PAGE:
Tuesday 16 April 2013

The locality in Bangalore for which loans were given to construct houses

It was around the turn of the twentieth century and he Civil and Military Station in Bangalore was thriving. The station had grown around the Cantonment which was set in 1806.
The Cantonment covered an area of 13 square miles, extending from the Residency on the west to Binnamangala on the east and from the Tanneries in the north to Agram in the south.
By area, it was the largest British military cantonment in South India and the British garrison included three artillery batteries and regiments of the cavalry, infantry, sappers, miners, mounted infantry, supply and transport corps and the Bangalore Rifle Volunteers (BRV).
However, just a century after it was established, the areas around the Cantonment had become crowded and the houses tiny and areas clogged with debris and filth.
The British then decided to demolish some of the most filthy and squalid living areas and the Mysore Government agrees to the suggestion. This was so as the Cantonment was directly under the administration of the British Raj, while the City was under the Wodeyars.
The year 1906 saw the British waking up to the need to construct a new area. This was done with a view to relieve some of the thickly populated and insanitary portions of the Civil and Military station.
The land was identified as today’s Frazer Town and surrounding areas. The Government passed a Loans Act so that money could be provided at reasonable rates of interest to those willing to relocate to the new locality.
Such persons were expected to not only construct dwelling units but also live in them. The loan scheme was a dampner and it failed to take off due to bureaucratic reasons. Very few persons availed of the scheme and even among them fewer built houses.
The Government then decided to take the issue to the rich and the mighty. A number of well-to-do persons were invited to construct dwelling houses for themselves and also for persons who would be willing to stay there on rent.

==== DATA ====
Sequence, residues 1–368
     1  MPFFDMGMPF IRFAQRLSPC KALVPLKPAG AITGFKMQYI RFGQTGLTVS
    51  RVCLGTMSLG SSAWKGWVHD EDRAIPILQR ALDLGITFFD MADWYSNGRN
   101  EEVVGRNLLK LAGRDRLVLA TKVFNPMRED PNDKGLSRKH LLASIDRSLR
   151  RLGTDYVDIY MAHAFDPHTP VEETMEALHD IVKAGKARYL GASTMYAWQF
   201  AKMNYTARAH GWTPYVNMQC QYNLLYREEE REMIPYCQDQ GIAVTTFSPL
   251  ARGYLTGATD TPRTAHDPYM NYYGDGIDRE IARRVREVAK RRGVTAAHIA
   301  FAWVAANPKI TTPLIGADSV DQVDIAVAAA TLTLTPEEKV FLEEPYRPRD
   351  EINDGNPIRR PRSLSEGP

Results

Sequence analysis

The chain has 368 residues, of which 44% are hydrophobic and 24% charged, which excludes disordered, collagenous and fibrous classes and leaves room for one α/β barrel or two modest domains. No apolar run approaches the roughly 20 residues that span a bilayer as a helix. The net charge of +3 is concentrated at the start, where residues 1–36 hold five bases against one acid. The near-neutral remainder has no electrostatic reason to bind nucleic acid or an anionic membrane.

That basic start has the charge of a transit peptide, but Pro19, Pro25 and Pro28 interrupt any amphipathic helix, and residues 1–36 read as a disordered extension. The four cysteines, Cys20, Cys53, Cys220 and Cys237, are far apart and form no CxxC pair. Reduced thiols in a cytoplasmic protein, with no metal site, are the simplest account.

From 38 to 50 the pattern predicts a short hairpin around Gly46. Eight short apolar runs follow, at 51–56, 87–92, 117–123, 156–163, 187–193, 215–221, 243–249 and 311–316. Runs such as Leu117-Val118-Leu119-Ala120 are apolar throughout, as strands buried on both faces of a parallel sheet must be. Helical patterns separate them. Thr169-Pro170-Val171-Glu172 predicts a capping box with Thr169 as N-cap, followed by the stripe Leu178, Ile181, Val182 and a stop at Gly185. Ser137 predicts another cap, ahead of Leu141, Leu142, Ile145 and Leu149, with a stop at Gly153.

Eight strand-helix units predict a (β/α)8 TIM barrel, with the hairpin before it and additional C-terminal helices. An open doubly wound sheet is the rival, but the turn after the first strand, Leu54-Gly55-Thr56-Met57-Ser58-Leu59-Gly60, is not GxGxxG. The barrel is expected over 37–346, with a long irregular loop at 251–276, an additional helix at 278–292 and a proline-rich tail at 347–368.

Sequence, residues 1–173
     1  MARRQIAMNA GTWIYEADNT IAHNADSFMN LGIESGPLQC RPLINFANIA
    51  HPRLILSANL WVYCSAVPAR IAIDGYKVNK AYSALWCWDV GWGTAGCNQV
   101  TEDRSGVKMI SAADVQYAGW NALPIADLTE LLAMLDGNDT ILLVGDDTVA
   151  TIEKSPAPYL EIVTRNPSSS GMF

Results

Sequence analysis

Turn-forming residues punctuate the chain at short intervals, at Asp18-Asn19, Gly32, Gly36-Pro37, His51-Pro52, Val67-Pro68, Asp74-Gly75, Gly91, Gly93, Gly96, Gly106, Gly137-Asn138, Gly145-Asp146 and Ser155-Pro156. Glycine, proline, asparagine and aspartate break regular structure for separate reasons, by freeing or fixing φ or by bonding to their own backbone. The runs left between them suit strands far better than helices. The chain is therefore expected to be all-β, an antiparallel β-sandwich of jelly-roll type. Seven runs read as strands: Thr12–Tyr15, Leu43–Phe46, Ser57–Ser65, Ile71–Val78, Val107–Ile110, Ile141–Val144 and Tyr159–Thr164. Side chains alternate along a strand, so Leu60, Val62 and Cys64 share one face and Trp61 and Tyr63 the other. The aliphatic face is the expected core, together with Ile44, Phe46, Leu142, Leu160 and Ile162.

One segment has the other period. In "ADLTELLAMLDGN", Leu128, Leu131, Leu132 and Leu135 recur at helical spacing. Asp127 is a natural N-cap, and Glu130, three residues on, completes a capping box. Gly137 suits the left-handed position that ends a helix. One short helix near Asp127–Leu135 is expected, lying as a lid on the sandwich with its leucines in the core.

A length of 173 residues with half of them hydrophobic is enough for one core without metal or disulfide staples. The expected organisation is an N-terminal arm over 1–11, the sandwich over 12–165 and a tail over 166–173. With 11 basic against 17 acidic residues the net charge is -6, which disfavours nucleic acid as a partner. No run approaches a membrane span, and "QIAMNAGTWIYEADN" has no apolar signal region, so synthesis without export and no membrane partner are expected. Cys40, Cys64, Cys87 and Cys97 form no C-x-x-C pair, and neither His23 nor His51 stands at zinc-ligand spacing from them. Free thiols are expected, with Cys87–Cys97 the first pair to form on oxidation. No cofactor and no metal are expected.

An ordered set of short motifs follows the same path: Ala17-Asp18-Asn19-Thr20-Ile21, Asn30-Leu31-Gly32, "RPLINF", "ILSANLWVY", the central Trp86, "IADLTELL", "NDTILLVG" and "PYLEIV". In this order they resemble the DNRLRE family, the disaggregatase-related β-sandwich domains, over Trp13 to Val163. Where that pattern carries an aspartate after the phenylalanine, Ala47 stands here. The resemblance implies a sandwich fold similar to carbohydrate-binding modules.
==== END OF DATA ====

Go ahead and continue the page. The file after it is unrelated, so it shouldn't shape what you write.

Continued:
Soon, the idea began receiving fairly good response and in no time, people began buying sites and constructing houses. The streets were wider than those in the petes and older areas of the civil and military station. Electricity was provided for both houses and street lights. Among the public buildings, the Moore market named after the former Municipal Commissioner, Moore, was built as was a post office, dispensary, mosque and schools. All these facilities were for the Indians.  
Very soon, the City and Military station on January 1, 1908 entered into a agreement with the Government of Mysore for providing water and power to the new township upon payment of a fee.
The arrangement proved to be beneficial as the station was now considered as overcrowded. The township was named as Frazer Town in honour of  Sir Stuart Fraser (1864-1963), a distinguished officer of the Foreign and Political Department of the Government of India and a tutor of the Maharaja of Mysore. Krishnaraja Wodeyar the fourth.
Five years after joining the Indian Civil Service, he was appointed tutor to the Maharajas of  Kolhapur and Bhavnagar and later (1896–1902) tutor and guardian to the Maharaja of Mysore.
In 1903, Fraser went to the Foreign Department at Calcutta and Simla as deputy secretary and in 1904 was sent by Lord Curzon as H.M Commissioner to negotiate with the Chinese about the Anglo-Tibetan Convention (requiring Tibet to open its border with British India).
Fraser returned to India in 1905 as Resident in Mysore and Chief Commissioner of Coorg. In 1911, Fraser was appointed Resident in Kashmir and for several months in 1914 was acting Resident in Hyderabad.
At the commencement of the First World War, with Turkey taking the side of Germany, it was Fraser’s resolute and confident approach that persuaded Osman Ali Khan Asaf Jah VII, the Nizam of Hyderabad, to ensure continued support for the British Raj
Today, Frazer Town, which is located in the North-East of Bangalore, is one of the best localities. It is spread over an area of four square kilometers. You can still see the foundation stone laid during its establishment at the junction of Mosque Road and Coles Road.
Though our civic fathers arbitrarily changed the name of Frazer Town to Pulakeshinagar, the new name is not popular and people still prefer the old name.
The Promenade Road, Coles Road, Mosque Road, Madhavraya Mudaliar Road (M M Road), Robertson Road, Spencer Road, Tannery Road and part of Wheeler Road are household names.
The Coles Park here is named after AH Coles and even this has been renamed as Freedom Fighter’s Park.
This park has a hoary past and  during the British regime, on special events, military bands played to the march of the Bangalore Rifle Volunteers.
The park has a well maintained topiary and it has an exclusive area for disabled children. Thankfully, the people have not forgotten its old name and it is still called Coles Park.

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